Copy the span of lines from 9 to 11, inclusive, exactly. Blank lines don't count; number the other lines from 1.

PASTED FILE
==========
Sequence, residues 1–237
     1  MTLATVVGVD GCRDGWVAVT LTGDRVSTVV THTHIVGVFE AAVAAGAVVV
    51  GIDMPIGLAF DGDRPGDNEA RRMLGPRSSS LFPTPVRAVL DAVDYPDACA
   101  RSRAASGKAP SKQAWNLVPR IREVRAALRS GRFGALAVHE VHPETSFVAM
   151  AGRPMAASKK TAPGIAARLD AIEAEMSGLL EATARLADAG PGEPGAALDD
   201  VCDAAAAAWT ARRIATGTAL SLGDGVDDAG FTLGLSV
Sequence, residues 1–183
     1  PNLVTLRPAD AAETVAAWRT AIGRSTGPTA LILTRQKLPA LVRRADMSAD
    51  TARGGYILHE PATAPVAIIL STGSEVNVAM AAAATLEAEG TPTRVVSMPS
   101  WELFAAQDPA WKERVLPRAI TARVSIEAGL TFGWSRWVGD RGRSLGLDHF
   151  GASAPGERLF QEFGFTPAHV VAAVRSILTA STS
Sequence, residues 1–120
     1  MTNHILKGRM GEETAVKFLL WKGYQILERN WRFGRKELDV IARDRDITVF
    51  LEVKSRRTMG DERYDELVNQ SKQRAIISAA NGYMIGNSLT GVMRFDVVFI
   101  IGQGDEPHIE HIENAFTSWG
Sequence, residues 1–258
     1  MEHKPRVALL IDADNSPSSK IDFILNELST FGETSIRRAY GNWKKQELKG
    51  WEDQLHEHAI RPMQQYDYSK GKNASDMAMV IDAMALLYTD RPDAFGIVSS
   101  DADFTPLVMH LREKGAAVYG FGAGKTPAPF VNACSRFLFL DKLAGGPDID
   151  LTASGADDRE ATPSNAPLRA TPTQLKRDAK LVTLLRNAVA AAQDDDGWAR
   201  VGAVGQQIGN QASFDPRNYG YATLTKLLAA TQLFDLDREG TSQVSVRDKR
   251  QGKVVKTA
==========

    51  TARGGYILHE PATAPVAIIL STGSEVNVAM AAAATLEAEG TPTRVVSMPS
   101  WELFAAQDPA WKERVLPRAI TARVSIEAGL TFGWSRWVGD RGRSLGLDHF
   151  GASAPGERLF QEFGFTPAHV VAAVRSILTA STS